5. Gorilla Marketing

I shared with Andrea in the Yogaland Podcast how I got my second client knocking on doors. I also was later escorted out of the building for “soliciting.” Knocking on doors may or may not be an effective strategy for you, but it doesn’t hurt to think of every business or office building you enter as a potential client. If you work in a corporate office, start there! Your colleagues would appreciate a 20-minute break or guided meditation to return to their bodies and minds. 

6. Cold Outreach

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Although cold outreach is not my preferred method of finding clients, it can work. I have a rule of thumb that there needs to be no more than one degree of separation between me and the prospective client. I feel more comfortable contacting the person if they liked a post or shared an article I wrote. 

Additionally, you can find indirect connections through your existing network. One of the law firms I work with was recognized as one of the “Top 50 Law Firms”. I contacted the 49 other law firms on the list, congratulated them on the award with my shared client, and asked them to keep me in mind if they needed corporate yoga services. Use platforms like LinkedIn, Bloomberg, and Forbes to find leadership accolades. 

7. Thought Leadership Articles

Writing articles is a great way to share your expertise and information. Research the scientific benefits of meditation and tie that in with your personal story. The data on employee health benefits is abundant. Office Yoga falls into the category of employee health and workplace well-being. Share your thought leadership through articles in your newsletter and website. Be sure to include a link allowing people to subscribe to your newsletter if they want to hear more from you!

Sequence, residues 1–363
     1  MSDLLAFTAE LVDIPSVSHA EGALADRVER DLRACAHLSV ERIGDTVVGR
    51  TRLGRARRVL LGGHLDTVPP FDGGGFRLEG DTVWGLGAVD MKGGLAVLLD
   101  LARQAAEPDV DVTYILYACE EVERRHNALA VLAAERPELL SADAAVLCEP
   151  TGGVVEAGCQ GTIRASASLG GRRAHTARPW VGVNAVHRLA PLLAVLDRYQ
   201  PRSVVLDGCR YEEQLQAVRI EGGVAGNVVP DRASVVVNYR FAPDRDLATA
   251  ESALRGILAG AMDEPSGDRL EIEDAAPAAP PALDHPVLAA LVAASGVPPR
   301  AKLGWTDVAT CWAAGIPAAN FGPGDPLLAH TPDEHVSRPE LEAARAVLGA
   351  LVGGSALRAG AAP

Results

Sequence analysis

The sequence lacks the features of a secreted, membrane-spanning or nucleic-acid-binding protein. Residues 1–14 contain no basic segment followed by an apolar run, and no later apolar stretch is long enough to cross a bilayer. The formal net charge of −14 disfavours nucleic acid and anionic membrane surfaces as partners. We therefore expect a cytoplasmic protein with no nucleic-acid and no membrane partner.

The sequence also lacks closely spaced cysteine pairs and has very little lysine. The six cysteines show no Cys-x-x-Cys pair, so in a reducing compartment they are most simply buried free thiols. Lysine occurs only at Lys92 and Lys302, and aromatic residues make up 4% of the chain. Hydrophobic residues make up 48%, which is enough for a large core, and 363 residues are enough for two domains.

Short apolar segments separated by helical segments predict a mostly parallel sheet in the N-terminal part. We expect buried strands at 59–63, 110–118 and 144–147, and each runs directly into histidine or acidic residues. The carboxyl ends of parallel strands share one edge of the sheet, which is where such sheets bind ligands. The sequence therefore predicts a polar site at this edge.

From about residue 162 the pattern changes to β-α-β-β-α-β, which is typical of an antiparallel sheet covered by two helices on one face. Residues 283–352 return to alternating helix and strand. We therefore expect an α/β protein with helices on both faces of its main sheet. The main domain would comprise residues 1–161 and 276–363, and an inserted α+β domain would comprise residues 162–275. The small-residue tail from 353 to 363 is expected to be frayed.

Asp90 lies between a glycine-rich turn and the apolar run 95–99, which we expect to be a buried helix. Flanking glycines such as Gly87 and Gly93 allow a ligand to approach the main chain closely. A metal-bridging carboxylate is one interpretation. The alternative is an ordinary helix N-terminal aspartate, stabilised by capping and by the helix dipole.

8. Tell People!

corporate yoga

Learn more science and workplace wellness research in Office Yoga Teacher Training

I was working with a graduate of the Office Yoga Teacher Training program who was interested in turning her corporate yoga clients into privates. She was having trouble getting clients from the office to her studio. I asked, “How are you telling people?” she responded, “I’m not.” 

Let your students, friends, and family know you are certified to teach corporate yoga classes. Share a fun story from your training and post your credentials on your website. Tell your students after class that you offer new office yoga services, and talk about your desire to bring yoga into the corporate world at dinner parties. You’ll be amazed at how quickly you’ll find someone who knows someone looking for an office yoga teacher.  

9. Tell People Again! 

I can’t overemphasize the importance of consistency and repetition. Keep reminding people (in a tactful way) about your services. 

There isn’t a one-size-fits-all solution to finding corporate yoga clients. Most importantly, find a strategy that works for you and stay consistent with your approach. Be patient with outcomes. Corporate wellness decisions are made only a few times per year. People are busy, and it takes time to build rapport. Get started sooner rather than later if you want to add corporate yoga to your list of services. 

Office Yoga certifies instructors to teach corporate yoga classes. For additional support and information, visit Office Yoga Teacher Training